Head-Impulse Tests Not Reliable for Diagnosing Vestibular Disorders

By Marilynn Larkin

May 01, 2019

NEW YORK (Reuters Health) - The risk of misdiagnosis and associated under- or overtreatment of vestibular disorders cannot be reliably estimated by head-impulse tests (HITs), an analysis of available diagnostic studies revealed.

Vestibular disorders generally are associated with an impairment of the vestibular-ocular reflex (VOR), which can be assessed by various methods, according to Dr. Leif Erik Walther of the University of Heidelberg, Dr. Jan Lohler of University Hospital of Schleswig-Holstein in Lübeck and colleagues.

Although the bithermal vestibular caloric test is considered the reference standard, the test is invasive, time-consuming and unpleasant for patients. By contrast, HIT methods, including video HIT, are noninvasive and can be performed quickly in emergency departments and at the bedside. However, their diagnostic accuracy is questionable.

"In vertigo syndromes, a correct diagnosis has a decisive influence on the recommendation and initiation of adequate therapy and, finally, its success," Drs. Walther and Lohler told Reuters Health by email.

"If, for example, treatment of Meniere's disease is sought, the likelihood of the disease being present must be as high as possible," especially when ablative therapy methods or surgical interventions are being considered, they said. Therefore, Drs. Walther, Lohler and colleagues performed a scoping review to compare the diagnostic accuracy of various HIT methods with other vestibular tests and clinical diagnosis.

As reported online April 25 in JAMA Otolaryngology Head and Neck Surgery, the team searched the literature from inception to April 2017 and identified a total of 27 diagnostic studies that included 3,821 participants.

Disagreements emerged both within and between studies when the various HIT methods were compared with other diagnostic tests. Sensitivity ranged between 0% and 100%, with a median of 41%. By contrast, specificity in identifying people without a vestibular disorder was higher, ranging from 56% to 100% (median, 94%).

For example, 10 studies compared video HIT versus the caloric test. Four focused on patients with a history of vestibular neuritis and the remaining six provided diagnostic test accuracy data to distinguish between vestibular and nonvestibular disorders. For the latter, sensitivity ranged from 22% to 79%, and specificity, from 66% to 100%.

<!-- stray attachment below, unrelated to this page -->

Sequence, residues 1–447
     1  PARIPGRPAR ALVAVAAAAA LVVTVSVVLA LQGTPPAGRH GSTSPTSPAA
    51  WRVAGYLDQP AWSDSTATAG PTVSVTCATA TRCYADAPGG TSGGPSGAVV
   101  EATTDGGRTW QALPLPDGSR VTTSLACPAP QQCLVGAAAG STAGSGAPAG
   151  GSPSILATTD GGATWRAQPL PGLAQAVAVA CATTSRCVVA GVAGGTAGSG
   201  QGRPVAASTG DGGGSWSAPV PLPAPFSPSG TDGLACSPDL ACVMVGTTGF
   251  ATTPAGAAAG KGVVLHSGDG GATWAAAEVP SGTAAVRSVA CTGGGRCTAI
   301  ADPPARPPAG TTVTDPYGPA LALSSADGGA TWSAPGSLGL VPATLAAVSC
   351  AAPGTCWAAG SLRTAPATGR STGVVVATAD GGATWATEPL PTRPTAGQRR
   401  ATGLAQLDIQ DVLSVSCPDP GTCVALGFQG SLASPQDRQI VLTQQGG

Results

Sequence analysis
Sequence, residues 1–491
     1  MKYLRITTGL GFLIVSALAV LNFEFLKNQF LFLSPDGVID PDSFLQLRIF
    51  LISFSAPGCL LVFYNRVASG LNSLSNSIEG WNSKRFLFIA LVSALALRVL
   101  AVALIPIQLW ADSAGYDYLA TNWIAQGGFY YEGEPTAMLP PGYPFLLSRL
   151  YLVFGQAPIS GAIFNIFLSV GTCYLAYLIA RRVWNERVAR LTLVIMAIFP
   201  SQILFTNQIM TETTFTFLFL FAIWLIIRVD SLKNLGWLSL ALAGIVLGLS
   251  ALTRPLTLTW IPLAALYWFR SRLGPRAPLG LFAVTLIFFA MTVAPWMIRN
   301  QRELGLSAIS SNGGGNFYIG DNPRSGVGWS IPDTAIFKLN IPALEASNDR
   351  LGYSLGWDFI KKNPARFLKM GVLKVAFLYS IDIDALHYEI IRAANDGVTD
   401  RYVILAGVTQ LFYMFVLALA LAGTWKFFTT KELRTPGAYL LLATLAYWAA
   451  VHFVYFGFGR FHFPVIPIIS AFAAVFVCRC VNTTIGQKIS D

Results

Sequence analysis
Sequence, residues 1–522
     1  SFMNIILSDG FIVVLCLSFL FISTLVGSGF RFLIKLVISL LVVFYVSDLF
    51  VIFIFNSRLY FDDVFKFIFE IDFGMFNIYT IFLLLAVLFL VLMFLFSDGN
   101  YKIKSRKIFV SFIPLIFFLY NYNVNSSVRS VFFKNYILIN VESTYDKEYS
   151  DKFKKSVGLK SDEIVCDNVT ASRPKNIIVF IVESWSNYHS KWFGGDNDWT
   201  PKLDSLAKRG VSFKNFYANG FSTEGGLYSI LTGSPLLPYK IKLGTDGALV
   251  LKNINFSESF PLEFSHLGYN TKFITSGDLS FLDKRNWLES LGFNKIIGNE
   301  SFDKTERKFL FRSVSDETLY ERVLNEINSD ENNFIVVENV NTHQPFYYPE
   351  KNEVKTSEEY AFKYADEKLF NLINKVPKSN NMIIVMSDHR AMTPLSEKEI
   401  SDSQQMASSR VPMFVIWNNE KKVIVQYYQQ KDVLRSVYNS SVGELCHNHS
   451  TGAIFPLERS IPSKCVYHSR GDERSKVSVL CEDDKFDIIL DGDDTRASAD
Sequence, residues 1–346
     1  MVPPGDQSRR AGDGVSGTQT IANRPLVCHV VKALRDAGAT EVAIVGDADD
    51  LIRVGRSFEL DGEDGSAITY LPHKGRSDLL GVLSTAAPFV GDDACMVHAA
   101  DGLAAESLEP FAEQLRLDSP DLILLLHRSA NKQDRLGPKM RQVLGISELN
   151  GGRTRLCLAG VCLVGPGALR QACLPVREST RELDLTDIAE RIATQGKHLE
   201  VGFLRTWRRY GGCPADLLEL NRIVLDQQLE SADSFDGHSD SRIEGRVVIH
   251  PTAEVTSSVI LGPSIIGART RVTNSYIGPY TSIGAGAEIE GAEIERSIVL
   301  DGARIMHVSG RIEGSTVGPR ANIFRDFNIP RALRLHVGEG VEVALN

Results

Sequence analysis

To detect chronic vestibular neuritis, three studies reexamined patients with a history of the disorder one month to a year after the first diagnosis. Sensitivity ranged from 44% to 78% and specificity, from 95% and100%, respectively, to detect chronic cases.

"We found differences in test results for high-frequency (e.g., video HIT), medium-frequency (e.g., rotational tests by chair examination), and low-frequency analysis of horizontal VOR (caloric irrigation)," Drs. Walther and Lohler said. "Therefore, these methods represent independent vestibular tests. Different diseases show different test results in the dynamic range of horizontal VOR."

For example, in Meniere's disease, abnormalities are seen in the caloric test analysis, whereas normal results are seen on video HIT. "This finding should ultimately be considered in the choice of the diagnostic procedure and treatment decisions in vestibular disorders," they said.

"The results of this evidence analysis are by no means to be interpreted negatively, however," they note. "Video HIT is a modern method that can be used regardless of the condition of the outer and middle ear. It is non-invasive and expeditious, even if spontaneous nystagmus is present."

"The clinical version of HIT can be used as a screening method," they suggest. "For horizontal VOR, video HIT has a much higher test accuracy."

Dr. Jose Lopez-Escamez, an otolaryngologist at the Hospital Virgen de Nieves, Granada and author of a related editorial, told Reuters Health, "I was not surprised by the results of this review. HIT is a very useful test to assess vestibular function, but this will not give you the diagnosis in most cases. In fact, the majority of patients with dizziness or vertigo are diagnosed using clinical symptoms".

"I need 30 minutes for a dizzy patient," he said by email. "Honestly, I recommend that ENTs spend more time taking a detailed clinical history including age of onset, duration of symptoms, triggers of the attacks (positional changes) and accompanying symptoms (headache, hearing loss, tinnitus) with an oculomotor examination, instead of requesting exhaustive vestibular testing."

"A normal vestibular test does not rule out a clinical diagnosis, except for bilateral vestibular loss," he added. "In the emergency room, an oculomotor examination is essential and the diagnosis should be guided to discriminate benign vertigo from stroke, brainstem or cerebellar lesions."

SOURCE: http://bit.ly/2J62SK4 and http://bit.ly/2J7rBxA

JAMA Otolaryngol Head Neck Surg 2019.